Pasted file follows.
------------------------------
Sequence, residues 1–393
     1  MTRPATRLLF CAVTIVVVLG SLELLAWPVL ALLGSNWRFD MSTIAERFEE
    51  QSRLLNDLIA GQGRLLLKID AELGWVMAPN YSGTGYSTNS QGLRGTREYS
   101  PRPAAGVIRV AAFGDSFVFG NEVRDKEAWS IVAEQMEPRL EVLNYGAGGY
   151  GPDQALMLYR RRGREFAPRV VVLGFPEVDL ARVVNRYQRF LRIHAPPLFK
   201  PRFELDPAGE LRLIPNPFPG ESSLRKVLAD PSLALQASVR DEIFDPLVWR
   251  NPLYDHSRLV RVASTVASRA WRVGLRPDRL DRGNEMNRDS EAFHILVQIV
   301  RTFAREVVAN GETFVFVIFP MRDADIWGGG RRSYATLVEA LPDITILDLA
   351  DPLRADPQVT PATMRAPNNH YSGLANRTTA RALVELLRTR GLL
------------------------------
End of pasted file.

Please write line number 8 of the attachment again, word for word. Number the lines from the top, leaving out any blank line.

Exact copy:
   301  RTFAREVVAN GETFVFVIFP MRDADIWGGG RRSYATLVEA LPDITILDLA